Many Germans were sitting in the audience — and agreed with Asmus’
characterization. Eckart von Klaeden, foreign policy spokesman of the
conservative Christian Democratic and Christian Social Union (CDU/CSU)
parliamentary group, was only too willing to list Germany’s concerns.

In Ukraine, he said, large segments of the population oppose the idea of
NATO membership. And Georgia, with its internal conflicts? “We don’t want
another Cyprus in NATO,” said von Klaeden, referring to the Mediterranean
country’s division into Turkish and Greek regions.

Volker Stanzel, a highly-placed official at the German Foreign Office,
described the regional effects of another NATO expansion — and the concerns
in Moscow. “Russia is in the process of domestic political change, which,
together with a new president, also affects its foreign policy,” says
Stanzel. Is the right time for NATO to seek conflict with the Russians by
pushing eastward? Stanzel’s position: “Is this truly necessary?”

Despite the German objections, diplomats say that a row in Bucharest is
unlikely. Washington now seems more receptive to arguments coming from its
allies. Elizabeth Sherwood-Randall, a NATO expert at Stanford University,
told SPIEGEL ONLINE: “There is already a lot of frustration among our
partners over NATO’s fixation on Afghanistan and Kosovo. It takes up so

many resources that there is very little room left for strategic debates within
the alliance.”

According to Sherwood-Randall, the member nations are making it increasingly
clear to Washington that they do not feel that their contributions are
sufficiently recognized — contributions that in many cases were achieved in
the face of substantial resistance from within their populations.

All of which suggests that the Americans will hold back in Bucharest, at
least when it comes to new finger-pointing relating to the Afghanistan
mission. The Canadians will likely take a similar approach. In a recent
interview with SPIEGEL ONLINE, their defense minister, Peter MacKay,
reiterated Canada’s call for a stronger German role.

But now the Canadians assume that their demands will be met in Bucharest,
where other member states are expected to pledge 1,000 additional troops to
come to their aid in embattled southern Afghanistan.

And the expansion issue? Last week Bush continued to campaign for Georgia
and Ukraine with personal calls to European capitals. He also plans to pay a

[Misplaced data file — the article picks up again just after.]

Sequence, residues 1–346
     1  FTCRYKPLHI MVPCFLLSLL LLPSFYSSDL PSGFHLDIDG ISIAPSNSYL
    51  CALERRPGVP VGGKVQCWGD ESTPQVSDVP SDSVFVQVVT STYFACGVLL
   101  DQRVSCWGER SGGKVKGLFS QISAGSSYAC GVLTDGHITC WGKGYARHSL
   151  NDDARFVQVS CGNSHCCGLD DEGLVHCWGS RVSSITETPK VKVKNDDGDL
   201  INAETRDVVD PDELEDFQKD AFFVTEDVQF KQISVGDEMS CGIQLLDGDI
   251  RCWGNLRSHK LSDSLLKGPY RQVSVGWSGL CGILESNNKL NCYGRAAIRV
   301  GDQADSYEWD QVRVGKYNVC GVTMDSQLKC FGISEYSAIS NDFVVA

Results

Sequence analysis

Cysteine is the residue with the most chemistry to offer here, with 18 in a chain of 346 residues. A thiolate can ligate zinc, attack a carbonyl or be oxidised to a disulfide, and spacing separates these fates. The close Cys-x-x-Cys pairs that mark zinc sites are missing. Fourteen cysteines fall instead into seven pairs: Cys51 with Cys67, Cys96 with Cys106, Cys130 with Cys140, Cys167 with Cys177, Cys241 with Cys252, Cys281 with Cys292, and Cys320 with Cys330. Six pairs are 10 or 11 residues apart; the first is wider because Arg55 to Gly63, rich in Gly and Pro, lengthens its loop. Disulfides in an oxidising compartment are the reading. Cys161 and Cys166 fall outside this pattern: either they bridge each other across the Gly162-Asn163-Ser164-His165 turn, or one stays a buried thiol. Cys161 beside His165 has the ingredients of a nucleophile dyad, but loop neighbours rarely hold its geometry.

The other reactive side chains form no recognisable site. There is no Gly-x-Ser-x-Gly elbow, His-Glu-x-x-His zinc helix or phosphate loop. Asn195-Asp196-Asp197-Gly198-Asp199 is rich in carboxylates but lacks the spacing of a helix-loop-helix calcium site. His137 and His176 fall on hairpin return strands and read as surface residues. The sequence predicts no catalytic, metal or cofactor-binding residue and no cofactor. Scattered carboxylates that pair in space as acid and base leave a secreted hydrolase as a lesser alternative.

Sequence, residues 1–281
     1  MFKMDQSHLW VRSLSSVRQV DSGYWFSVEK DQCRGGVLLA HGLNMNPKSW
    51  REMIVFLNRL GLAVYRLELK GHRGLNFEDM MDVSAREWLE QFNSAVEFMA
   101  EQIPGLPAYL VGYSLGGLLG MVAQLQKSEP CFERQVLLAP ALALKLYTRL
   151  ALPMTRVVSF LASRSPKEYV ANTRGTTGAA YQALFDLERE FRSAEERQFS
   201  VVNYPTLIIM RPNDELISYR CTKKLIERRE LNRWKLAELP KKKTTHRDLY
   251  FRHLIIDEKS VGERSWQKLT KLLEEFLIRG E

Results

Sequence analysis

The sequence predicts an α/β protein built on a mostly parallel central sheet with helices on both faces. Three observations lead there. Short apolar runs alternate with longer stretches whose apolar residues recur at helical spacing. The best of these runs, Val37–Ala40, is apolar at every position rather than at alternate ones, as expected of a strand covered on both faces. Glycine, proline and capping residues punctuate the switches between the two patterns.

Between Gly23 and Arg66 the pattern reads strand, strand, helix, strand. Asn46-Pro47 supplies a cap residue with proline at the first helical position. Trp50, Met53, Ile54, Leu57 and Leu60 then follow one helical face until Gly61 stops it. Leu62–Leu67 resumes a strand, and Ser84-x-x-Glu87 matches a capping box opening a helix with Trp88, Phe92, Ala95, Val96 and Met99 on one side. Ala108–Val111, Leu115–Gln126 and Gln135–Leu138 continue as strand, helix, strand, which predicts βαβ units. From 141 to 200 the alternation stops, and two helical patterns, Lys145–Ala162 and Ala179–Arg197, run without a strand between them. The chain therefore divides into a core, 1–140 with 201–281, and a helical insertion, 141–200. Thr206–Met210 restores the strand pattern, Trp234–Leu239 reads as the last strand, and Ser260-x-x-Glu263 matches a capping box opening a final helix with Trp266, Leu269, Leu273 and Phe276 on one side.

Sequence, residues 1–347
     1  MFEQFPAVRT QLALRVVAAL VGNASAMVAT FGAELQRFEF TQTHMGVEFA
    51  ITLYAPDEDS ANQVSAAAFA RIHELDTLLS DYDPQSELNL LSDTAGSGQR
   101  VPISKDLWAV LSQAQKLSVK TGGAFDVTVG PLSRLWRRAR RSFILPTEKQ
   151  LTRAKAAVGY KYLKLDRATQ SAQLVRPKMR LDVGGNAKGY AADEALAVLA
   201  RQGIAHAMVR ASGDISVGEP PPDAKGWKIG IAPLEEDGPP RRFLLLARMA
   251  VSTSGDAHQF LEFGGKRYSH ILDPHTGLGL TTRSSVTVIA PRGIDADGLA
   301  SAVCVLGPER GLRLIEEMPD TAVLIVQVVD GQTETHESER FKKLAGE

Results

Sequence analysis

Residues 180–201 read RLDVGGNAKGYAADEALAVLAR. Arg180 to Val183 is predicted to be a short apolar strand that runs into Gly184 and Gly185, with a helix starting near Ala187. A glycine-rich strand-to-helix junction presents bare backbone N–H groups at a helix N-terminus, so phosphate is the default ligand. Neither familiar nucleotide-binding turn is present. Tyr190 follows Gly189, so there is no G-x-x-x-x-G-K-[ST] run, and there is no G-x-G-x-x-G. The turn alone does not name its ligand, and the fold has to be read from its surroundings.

demonstrative visit to Kiev just before the NATO summit.

But even senior Washington diplomats expect the Bush administration to come
around, perhaps by accepting a declaration that would lay the groundwork for
the beginning of an acceptance process for Ukraine and Georgia. The White
House apparently no longer believes that a rapid admission process, like in
the first expansion round, is possible today.

As expansion veteran Asmus recently wrote in Foreign Affairs, three key
factors have changed since then: the global situation, the candidate nations
and Russia. “Finally, Russia has changed,” he wrote. “In the 1990s, it was a
weak, quasi-democratic state that wanted to become part of the West. Now, a
more powerful, nationalist, and less democratic Russia is challenging the

This has not failed to escape the attention of President Bush, who has spent
the last few weeks seeking closer ties with Moscow. He sent Secretary of
State Condoleezza Rice and Defense Secretary Robert Gates to Moscow to

allay Russian concerns over the planned US missile defense system in Eastern

The president even plans to meet directly with Putin after the NATO summit,
on April 6 in the Russian Black Sea resort of Sochi, an accommodating
gesture that has surprised even some of his top advisors. “Good relations
with Russia are important to us,” Bush said this week.

Perhaps the election has something to do with it. John McCain, who is
campaigning to succeed Bush in the White House, could suffer in the
presidential race as a result of his support for the unpopular president’s
Iraq policies. A new escalation with Russia, instigated by the White House,
would only underscore the impression of a devastating Republican foreign
policy legacy.

Of course, McCain himself is seen as being highly critical of Moscow. The
Arizona senator has often said that he sees only three letters in Putin’s
eyes: “a ‘K’, a ‘G’ and a ‘B’.” While Bush was sending his love letter to
Moscow this week, his fellow Republican had a different message for the

As long as democracy does not progress in Russia, McCain said in a speech

on foreign policy, there could only be one conceivable reaction: The G8 must
exclude Russia. (Translated from the German by Christopher Sultan)
[return to index] [Action Ukraine Report (AUR) Monitoring Service]

Reuters, Paris, France, Tuesday, Apr 1, 2008

PARIS – France will not support bids by the former Soviet republics of
Georgia and Ukraine to become members of NATO, putting it at odds with
the United States, French Prime Minister Francois Fillon said on Tuesday.

“France will not give its green light to the entry of Ukraine and Georgia,”
Fillon told France Inter radio. “France has an opinion which is different
from that of the United States on this question.”

NATO leaders hold a summit later this week in Romania where Georgia and
Ukraine hope to obtain a Membership Action Plan (MAP) — a road map to